The warehouse-sized space holds shelf after shelf of taxidermy specimens: African lions, Bengal tigers, enormous moose and diminutive antelope along with an ark of rarities such as armored animals called pangolins, a scaly anteater. A fierce golden eagle with its wings spread wide sits next to a beautiful bird of paradise showing off its feathered finery on a branch.
Some specimens are hunting trophies such as bearskin rugs that were donated through bequests or estates. While they don’t necessarily make good museum displays, Farrington said, they are valuable for educational and other purposes. Swatches of polar bear fur demonstrate the animal’s extreme adaptations. The fur of the white bears is mostly transparent and is set against black skin that helps absorb the polar sun’s stingy warmth.
“Albinos are always a unique specimen so we have albino squirrels and deer — different examples of leucism and albinism,” she said.
Each week volunteers at the museum help prepare new donations of roadkill owls or unfortunate birds that flew into windows. Besides the true-to-life mounts, the museum keeps a vast catalog of individual specimens stored in rows of cabinets for scientific research.
At a table, a volunteer prepared the fanned tail of a pretty yellow-shafted flicker. While many have heard this loud bird calling in Ohio’s woods and suburbs, few people have seen the skittish bird’s colorful, patterned plumage so close.
Famed wildlife artist John James Audubon painted his avian subjects from life, capturing their colors, shapes and patterns in exacting detail. Audubon was the Cincinnati Museum Center’s first zoology curator in 1819, the year UC was founded.
“He was here nine months before he started traveling for his ‘Birds of America’ book. I have big shoes to fill,” Farrington said.
Perhaps the museum’s rarest zoology specimen is a large penguin-like bird called a great auk. These flightless seagoing relatives of the puffin were hunted to extinction 20 years before the Civil War. The museum’s specimen might have been the very last living great auk in the world, taken during the last commissioned auk-hunting expedition in 1844. The museum is investigating that question now using genetic testing. The museum acquired the rare specimen in the 1970s. The auk was sold at auction in the mid-1800s from a lot of four specimens that went to museums around the world. Two went to museums in Great Britain.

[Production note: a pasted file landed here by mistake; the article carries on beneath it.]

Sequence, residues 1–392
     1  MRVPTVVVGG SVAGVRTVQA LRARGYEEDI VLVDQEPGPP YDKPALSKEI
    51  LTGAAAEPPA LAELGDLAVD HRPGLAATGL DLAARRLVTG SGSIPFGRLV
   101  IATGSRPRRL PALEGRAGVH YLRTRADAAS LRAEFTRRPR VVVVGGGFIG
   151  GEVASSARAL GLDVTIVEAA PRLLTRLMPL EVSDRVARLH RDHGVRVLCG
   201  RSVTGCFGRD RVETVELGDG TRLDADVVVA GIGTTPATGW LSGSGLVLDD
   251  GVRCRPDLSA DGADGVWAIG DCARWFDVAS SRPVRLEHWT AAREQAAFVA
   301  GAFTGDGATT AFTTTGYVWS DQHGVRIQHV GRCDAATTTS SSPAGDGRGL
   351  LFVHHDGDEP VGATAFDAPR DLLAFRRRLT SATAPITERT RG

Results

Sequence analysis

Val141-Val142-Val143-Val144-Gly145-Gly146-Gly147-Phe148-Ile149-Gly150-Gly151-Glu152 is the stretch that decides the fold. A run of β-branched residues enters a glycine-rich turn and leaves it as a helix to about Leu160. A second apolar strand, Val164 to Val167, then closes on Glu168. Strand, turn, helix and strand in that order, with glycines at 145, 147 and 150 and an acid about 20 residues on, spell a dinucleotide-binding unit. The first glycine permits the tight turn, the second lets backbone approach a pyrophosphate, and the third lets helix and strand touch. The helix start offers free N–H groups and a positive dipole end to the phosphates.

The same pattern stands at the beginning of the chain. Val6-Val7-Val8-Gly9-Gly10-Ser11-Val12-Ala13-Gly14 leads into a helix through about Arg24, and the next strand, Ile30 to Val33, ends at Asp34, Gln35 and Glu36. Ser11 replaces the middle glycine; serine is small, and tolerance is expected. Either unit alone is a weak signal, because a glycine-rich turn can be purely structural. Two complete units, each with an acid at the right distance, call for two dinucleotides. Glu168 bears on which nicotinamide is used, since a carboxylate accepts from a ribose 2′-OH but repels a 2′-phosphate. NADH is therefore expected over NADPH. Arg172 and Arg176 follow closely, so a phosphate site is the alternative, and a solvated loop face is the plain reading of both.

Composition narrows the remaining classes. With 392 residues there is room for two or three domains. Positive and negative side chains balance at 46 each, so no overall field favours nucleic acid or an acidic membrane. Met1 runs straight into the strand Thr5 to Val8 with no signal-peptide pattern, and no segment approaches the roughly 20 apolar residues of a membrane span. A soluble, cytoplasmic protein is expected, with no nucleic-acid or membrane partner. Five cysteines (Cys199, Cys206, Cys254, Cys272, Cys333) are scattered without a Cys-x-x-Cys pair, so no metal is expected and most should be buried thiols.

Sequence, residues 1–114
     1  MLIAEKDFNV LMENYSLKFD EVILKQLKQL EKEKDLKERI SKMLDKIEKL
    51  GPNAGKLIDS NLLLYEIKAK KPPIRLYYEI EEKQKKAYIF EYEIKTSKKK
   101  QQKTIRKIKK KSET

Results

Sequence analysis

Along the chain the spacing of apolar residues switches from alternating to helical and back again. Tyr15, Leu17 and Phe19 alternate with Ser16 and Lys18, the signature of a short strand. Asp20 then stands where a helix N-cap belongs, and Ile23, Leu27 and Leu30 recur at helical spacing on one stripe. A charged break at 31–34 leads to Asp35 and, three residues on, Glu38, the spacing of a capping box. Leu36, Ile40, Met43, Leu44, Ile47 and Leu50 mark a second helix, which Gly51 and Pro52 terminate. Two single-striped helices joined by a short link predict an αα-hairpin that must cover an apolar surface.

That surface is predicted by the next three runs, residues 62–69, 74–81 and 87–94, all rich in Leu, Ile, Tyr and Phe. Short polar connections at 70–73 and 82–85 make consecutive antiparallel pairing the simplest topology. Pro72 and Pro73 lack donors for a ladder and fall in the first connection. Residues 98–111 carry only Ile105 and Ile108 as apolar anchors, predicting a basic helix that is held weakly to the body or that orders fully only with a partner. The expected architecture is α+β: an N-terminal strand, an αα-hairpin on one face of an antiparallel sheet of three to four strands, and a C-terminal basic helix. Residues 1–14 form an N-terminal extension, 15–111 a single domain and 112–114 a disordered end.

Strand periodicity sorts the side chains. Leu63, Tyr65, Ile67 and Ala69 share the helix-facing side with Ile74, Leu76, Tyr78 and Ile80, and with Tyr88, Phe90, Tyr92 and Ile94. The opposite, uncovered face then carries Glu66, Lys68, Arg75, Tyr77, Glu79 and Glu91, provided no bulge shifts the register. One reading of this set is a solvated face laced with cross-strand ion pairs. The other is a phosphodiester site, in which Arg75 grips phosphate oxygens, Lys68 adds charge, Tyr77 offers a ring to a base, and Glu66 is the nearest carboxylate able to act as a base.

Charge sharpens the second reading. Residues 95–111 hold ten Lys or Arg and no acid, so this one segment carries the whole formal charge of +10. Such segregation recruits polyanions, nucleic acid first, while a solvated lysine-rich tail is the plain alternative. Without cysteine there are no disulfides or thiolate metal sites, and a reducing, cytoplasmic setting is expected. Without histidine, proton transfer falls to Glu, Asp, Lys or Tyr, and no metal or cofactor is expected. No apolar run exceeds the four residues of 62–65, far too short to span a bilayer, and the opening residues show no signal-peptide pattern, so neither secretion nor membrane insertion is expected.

“One went to Los Angeles. One came here. We’ll have it sampled to see if it indeed was the last known great auk,” Farrington said.
But the auk isn’t the museum’s only memento to human folly.
Farrington opened one cabinet drawer to expose a heartbreaking birder’s lament of natural treasures: ivory-billed woodpeckers, Carolina parakeets, passenger pigeons and Eskimo curlews, all lost to time. Most of these specimens came from zoos that tried in vain to save the species.
Among these representatives of human-caused extinction is the museum’s only example of a rare songbird called a Kirtland’s warbler that was destined for the same fate. But among the many birds in the steel cabinet, only the Kirtland’s was alive in 1973 to benefit from the protections of the Endangered Species Act, which saved it from disappearing as well. This month the U.S. Fish and Wildlife Service declared the warbler sufficiently recovered to take off the endangered list.
Today, museums such as the Cincinnati Museum Center play a major role in conserving wildlife. Farrington’s mentors at UC say there is nobody better to oversee that task.
“While she was a graduate student at UC, Heather did an exemplary job conducting research,” said Theresa Culley, head of UC’s Department of Biological Sciences. “She would often go right past the ‘what?’ and dive directly into the ‘why?’ and ‘how?’”
Culley served on Farrington’s thesis committee.
“I view Heather as the perfect person to lead the DNA lab at the Cincinnati Museum Center,” Culley said. “She is an integral link in UC‘s association with the center and a key player in the college’s recent initiative to promote science engagement with our partners in the community.”
Farrington said her experience while researching museum specimens for her dissertation at UC convinced her of how valuable these resources can be for future study.
“That is really what got me into museum work and the amazing things you can learn from museum specimens,” Farrington said.
Featured image at top: Heather Farrington poses in front of the mammoth sculptures outside the Cincinnati Museum Center's Geier Collections and Research Center. Photo/Jay Yocis/UC Creative Services